... Attention was focused on Nannochloropsis sp., a marine microalga of great biotechnological interest for its ability to accumulate large amounts of lipids (Perin et al., 2014) and other valuable compounds, such as the omega-3 polyunsaturated fatty acid EPA and the carotenoids astaxanthin and zeaxanthin (Leu and Boussiba, 2014). Because of its rigid and highly structured cell wall (Yao et al., 2012), Nannochloropsis shows unusual resistance to degradation and therefore represents a suitable model organism for testing the efficacy of enzymatic treatments. Two commercial enzyme preparations, one rich in cellulase and the other rich in galactomannanase, were used for treating Nannochloropsis. ...
Article
Full-text available
The feasibility of using Dissolved Organic Carbon (DOC) measurements as a means to assess the efficacy of an enzyme-assisted pretreatment on the recovery of lipids from microalgae was investigated. Attention was focused on Nannochloropsis sp., a marine microalga of great biotechnological interest for its ability to accumulate large amounts of lipids and other valuable compounds. The enzymatic pretreatment was carried out using two commercial enzyme preparations, one (CEL) rich in cellulase and the other (GMA) rich in galactomannase. Experiments were performed according to a fractional two-level factorial design. The factors studied were temperature (15–75 °C), pH (2–8), pretreatment time (30– 270 min), CEL dosage (0–20 mg/g) and GMA dosage (0–2 mg/g). DOC was determined by a TOC analyzer and used as the response variable. Under the experimental design conditions, temperature, pH, pretreatment time and CEL dosage were found to be statistically significant (p < 0.05), with the former factor being the most influential. No significant interactions were observed between the main factors, indicating that each of them exerted its effect independently of the others. A good correlation was also found between the measured DOC values and the yields of lipid extraction from the enzymatically treated biomass, demonstrating that DOC measurements can be used to quantify the enzyme-induced degradation of algal cell walls.
... Lipids form an important group of macromolecules, playing vital roles in cellular organization and structure, energy resources, signal transduction, cell trafficking and sorting of other macromolecules to specic target sites. 1,2 Microalgae are able to synthesize a variety of lipids, including storage and structural lipids. These structural lipids are mainly composed of membrane phospholipids and glycolipids. ...
... 11,12 The effect of salinity on algal elemental composition (CHNS) has not been studied so far. Dineshkumar et al. 14 reported elemental compositions of Chlorella minutissima in sparged CO 2 and ue gas aerated culture. In the present investigation optimum concentration of NaCl was used to analyze the elemental composition. ...
... Yao et al. showed yellow uorescence of neutral lipid in Chlamydomonas reinhardtii. 2 Neutral lipid accumulation in the marine strains Alexandrium minutum and Heterosigma akashiwo was shown to increase by 200% and 30% respectively under N deciency and lower temperature. 49 One of the most important functions of neutral lipid (TAG) in microalgal cells is to provide energy for metabolic requirements of cell. ...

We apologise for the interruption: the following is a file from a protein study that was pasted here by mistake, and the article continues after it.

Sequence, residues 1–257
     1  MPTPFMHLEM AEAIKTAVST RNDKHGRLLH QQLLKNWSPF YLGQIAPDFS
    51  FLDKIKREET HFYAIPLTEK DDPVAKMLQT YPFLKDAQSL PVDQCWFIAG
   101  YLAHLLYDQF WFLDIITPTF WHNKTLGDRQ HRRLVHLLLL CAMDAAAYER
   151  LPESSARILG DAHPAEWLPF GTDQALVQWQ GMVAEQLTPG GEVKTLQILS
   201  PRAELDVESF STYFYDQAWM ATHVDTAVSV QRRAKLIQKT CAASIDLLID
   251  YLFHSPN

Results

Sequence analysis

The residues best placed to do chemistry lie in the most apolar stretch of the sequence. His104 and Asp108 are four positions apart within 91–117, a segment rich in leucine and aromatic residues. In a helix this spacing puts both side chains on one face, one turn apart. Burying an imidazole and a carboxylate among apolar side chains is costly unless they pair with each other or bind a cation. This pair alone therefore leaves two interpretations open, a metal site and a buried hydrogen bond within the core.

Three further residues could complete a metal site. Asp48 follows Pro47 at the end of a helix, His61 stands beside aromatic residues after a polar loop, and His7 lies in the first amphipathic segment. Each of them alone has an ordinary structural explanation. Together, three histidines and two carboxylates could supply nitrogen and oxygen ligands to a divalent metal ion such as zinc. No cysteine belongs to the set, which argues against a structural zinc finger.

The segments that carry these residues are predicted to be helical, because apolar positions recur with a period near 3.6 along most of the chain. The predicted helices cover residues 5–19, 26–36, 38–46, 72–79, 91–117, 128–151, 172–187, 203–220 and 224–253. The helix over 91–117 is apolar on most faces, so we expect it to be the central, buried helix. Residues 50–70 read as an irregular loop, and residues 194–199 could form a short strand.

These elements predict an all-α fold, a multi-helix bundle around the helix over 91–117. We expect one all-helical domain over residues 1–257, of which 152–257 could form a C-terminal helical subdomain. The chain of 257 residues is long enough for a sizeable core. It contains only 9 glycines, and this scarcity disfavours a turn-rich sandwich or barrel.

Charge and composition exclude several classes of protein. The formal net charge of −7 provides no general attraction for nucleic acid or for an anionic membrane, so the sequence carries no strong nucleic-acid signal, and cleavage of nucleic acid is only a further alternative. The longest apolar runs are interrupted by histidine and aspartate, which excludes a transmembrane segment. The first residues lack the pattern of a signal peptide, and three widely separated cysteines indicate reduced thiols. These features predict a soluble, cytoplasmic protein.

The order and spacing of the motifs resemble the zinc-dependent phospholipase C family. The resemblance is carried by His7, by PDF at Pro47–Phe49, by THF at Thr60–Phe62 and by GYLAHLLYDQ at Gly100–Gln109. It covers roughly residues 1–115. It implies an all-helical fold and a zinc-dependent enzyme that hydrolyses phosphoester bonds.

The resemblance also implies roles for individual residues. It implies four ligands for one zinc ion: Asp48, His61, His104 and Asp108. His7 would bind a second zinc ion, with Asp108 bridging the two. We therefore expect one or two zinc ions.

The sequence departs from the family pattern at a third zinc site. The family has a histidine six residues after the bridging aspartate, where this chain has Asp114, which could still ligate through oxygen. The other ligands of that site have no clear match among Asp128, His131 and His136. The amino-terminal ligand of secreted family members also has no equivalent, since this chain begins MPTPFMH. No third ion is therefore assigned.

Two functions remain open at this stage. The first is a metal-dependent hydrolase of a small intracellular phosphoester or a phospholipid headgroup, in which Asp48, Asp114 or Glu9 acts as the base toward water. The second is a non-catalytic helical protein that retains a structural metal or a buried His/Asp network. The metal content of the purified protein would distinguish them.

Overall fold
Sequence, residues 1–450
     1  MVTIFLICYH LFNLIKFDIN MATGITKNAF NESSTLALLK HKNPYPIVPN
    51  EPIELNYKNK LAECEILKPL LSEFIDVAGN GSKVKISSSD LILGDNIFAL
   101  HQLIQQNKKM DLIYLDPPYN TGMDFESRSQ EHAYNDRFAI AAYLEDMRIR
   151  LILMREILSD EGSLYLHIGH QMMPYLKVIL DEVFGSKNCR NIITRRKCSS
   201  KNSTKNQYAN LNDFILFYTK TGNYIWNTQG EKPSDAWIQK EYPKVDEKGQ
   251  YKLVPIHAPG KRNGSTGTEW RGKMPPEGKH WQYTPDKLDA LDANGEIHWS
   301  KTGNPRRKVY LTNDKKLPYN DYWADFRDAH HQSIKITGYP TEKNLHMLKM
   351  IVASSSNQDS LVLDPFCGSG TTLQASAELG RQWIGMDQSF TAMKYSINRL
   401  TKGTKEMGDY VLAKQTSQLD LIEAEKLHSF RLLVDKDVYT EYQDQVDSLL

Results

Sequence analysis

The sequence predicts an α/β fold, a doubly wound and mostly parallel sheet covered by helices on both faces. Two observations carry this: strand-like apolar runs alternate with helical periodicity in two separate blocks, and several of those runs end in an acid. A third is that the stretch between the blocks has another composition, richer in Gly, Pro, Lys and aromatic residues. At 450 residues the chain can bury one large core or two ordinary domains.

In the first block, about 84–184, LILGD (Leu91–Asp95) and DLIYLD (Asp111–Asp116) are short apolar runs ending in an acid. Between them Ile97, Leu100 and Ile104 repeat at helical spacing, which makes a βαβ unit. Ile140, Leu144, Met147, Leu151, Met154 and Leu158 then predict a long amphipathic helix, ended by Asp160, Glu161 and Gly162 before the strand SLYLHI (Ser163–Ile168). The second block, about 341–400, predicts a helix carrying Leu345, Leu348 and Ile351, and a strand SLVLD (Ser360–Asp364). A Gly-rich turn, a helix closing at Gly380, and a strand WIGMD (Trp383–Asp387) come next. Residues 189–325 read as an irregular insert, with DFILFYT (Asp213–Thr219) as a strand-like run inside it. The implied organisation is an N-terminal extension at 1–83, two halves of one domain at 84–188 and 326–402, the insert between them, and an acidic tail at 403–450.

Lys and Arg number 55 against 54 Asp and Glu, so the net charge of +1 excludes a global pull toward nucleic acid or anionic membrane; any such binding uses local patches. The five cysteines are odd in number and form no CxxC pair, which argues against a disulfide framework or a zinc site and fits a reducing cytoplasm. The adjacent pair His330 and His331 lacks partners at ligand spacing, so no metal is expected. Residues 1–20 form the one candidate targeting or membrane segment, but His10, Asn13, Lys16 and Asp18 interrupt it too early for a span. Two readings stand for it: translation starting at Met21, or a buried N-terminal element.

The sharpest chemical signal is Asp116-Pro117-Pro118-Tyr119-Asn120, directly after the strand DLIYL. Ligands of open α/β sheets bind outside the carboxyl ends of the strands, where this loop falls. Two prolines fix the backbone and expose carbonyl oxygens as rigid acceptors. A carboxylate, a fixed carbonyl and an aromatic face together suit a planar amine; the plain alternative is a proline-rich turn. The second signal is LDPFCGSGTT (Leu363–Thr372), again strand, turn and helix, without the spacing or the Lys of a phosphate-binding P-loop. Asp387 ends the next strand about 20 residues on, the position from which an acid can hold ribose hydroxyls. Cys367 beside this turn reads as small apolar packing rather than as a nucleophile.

Article
Full-text available
A laboratory based integrated approach was undertaken for improvement of lipid accumulation in green microalgae under sodium chloride (NaCl) stress. The maximum biomass yields (1.22 ± 0.04 g L⁻¹ in Chlorella and 1.31 ± 0.04 g L⁻¹ in Chlorococcum) were obtained in the media with initial NaCl concentrations at 2 g L⁻¹ (for Chlorella) and 0.05 g L⁻¹ (for Chlorococcum) after 14 days of culture. Interestingly, maximum lipid accumulation obtained was 45.8 ± 0.4% w/v for Chlorella (on day eight) and 36.33 ± 0.56% w/v for Chlorococcum (on day ten) at an exposure of 5 g L⁻¹ and 1.5 g L⁻¹ NaCl concentrations, respectively. Fatty acid profiles of methyl esters for neutral and polar lipid fractions showed the presence of myristic (C14:0), palmitic (C16:0), palmitoleic (C16:1), oleic (C18:1) and linoleic (C18:2) acids as major fatty acids. Fluorescence intensities (% positive Nile red stained cells) of neutral and polar lipid fractions were also higher in NaCl stress conditions. A significant correlation between polar lipid and neutral lipid was found in both Chlorella (r² = 0.979) and Chlorococcum (r² = 0.972). Flow cytometric study demonstrated a positive fluorescence signal for neutral and polar lipid bodies related to Nile red fluorescence. Associated biochemical changes, like those in total chlorophyll, carotenoid, carbohydrate and protein contents, were determined under variable NaCl concentrations. The elemental compositions (CHNS) and CO2 fixation rate were assessed using high lipid yielding cells under optimum NaCl concentrations. Biodiesel fuel properties were obtained from high lipid yielding cells of the test microalgae and compared with Indian and international diesel standards. Finally large-scale cultivation of Chlorella ellipsoidea was performed in a hybrid photobioreactor (800 L capacity) and the highest biomass and lipid content obtained was 1.66 ± 0.09 g L⁻¹ (at 8 days) and 54.73 ± 1.78% w/v (at 10 days) at 5 g L⁻¹ NaCl respectively. This optimized NaCl concentration makes it an economical substitute for biodiesel production on a large scale.